Have you come across a gravestone covered in coins? It’s not unusual while visiting a cemetery to see the stones covered in various coins. So, what’s up with that?
Based on the legend, the coin left is usually on the gravestones of U.S. military veterans. Visitors who want to show their respect leave coins on the headstones in various amounts. It shows their loved ones of the soldier’s family that someone has visited the grave.
Leaving a penny denotes you visited and is thanking the veteran for their service. A nickel signifies you trained at boot camp with the deceased. A dime indicates you served with him or her. A quarter denotes you were with the soldier when they died.
The beginning of the tradition is up for debate. Though, many folks believe it began in the US during the Vietnam War. America was in a crisis of conscience. Any discussion of the war typically devolved into a more serious discussion about politics. Leaving a coin was a way to say you appreciate the soldier’s service while avoiding an inevitable uncomfortable conversation.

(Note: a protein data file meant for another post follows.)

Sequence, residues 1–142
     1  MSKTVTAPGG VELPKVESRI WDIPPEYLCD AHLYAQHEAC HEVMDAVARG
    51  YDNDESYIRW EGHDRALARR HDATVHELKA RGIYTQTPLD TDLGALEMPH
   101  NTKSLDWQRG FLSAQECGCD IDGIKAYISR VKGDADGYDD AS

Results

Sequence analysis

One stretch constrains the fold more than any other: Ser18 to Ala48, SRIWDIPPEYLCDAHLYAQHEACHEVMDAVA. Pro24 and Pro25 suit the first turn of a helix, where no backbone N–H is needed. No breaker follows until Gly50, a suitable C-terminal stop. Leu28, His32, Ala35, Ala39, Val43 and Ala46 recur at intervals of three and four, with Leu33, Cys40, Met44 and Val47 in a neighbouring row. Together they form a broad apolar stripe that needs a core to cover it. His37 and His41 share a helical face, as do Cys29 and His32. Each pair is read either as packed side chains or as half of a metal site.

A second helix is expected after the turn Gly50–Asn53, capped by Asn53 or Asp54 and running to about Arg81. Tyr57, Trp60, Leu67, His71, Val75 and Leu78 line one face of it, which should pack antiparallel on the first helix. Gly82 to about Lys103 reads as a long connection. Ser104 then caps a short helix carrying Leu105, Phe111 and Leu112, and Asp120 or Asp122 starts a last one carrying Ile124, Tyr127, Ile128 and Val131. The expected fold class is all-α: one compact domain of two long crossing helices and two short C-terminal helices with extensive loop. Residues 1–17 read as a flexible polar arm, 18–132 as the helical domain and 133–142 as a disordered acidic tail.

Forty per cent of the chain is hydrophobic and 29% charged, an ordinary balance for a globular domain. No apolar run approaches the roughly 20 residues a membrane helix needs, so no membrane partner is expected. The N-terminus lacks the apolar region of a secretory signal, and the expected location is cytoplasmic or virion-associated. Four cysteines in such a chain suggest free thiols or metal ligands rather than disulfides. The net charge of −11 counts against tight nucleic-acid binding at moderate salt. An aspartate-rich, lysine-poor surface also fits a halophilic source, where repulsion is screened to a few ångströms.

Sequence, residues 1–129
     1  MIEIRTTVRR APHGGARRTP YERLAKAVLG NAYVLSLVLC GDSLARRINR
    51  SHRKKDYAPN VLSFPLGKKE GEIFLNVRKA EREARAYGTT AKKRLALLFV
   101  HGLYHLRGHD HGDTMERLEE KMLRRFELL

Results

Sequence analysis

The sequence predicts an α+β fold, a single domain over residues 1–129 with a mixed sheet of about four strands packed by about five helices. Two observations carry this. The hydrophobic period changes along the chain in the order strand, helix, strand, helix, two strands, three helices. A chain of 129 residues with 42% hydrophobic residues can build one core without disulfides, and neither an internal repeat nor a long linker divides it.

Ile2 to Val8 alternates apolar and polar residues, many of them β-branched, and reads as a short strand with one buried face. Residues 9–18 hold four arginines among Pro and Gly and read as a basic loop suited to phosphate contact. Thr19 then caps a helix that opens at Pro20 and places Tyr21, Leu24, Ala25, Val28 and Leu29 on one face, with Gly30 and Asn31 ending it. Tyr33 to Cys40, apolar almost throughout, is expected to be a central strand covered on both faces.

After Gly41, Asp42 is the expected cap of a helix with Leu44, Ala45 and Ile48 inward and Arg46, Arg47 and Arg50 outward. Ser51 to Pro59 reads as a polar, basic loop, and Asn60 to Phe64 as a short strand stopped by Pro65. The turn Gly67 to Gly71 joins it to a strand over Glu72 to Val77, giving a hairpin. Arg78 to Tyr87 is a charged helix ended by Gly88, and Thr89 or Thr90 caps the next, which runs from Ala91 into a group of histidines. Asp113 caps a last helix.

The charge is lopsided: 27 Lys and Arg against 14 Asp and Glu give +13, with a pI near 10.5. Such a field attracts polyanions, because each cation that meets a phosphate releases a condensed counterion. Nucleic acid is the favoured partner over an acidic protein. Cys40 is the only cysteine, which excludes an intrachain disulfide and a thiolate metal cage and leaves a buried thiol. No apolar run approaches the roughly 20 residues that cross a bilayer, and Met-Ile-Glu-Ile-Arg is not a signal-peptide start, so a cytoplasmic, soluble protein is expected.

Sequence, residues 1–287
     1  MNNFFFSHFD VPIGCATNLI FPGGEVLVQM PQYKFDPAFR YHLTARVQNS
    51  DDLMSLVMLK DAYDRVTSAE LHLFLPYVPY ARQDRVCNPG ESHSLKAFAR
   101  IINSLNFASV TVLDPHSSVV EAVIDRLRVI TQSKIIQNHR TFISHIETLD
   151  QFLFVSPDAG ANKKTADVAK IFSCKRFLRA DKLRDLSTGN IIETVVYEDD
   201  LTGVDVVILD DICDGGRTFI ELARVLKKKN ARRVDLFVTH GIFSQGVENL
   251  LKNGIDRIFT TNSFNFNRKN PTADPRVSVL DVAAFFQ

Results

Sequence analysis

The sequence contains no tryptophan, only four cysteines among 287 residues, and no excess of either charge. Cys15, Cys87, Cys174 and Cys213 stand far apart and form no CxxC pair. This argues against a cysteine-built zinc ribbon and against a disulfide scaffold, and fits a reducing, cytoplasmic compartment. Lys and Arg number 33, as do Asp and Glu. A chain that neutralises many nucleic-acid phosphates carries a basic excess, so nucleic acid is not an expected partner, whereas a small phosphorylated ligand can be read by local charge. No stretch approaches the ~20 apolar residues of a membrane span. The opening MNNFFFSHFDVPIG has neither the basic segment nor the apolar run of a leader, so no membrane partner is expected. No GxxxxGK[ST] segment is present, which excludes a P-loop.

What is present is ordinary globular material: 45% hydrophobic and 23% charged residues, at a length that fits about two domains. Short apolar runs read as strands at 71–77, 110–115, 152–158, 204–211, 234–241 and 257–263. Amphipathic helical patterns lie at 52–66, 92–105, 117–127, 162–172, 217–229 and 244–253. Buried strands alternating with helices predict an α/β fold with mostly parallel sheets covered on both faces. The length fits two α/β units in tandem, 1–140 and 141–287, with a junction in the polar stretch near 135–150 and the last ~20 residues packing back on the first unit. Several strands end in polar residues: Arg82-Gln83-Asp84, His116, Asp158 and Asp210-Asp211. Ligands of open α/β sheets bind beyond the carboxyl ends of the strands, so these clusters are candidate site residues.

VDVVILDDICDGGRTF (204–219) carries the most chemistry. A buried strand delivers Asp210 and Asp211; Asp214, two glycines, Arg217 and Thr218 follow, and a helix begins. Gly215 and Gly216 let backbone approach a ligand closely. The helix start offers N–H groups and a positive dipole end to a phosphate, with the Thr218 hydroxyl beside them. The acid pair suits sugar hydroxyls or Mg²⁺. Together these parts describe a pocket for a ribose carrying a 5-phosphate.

Just a legend?
That’s the theory. Keeping it real, leaving coins on gravestones goes back to just 2009. The money is typically collected and donated to the cemetery’s upkeep and possible burial costs.
But humans have left tributes and artifacts at gravesites for hundreds of years. Based on Greek mythology, during the Roman empire, fellow soldiers would put a coin into the mouth of a fallen soldier to make sure they could cross the River Styx into the afterlife.
However, one United States tradition is the leaving of “challenge coins” on military headstones by fellow veterans. These coins typically have the emblem of the deceased’s military company or unit. Fellow soldiers leave them to pay tribute to them and their family members.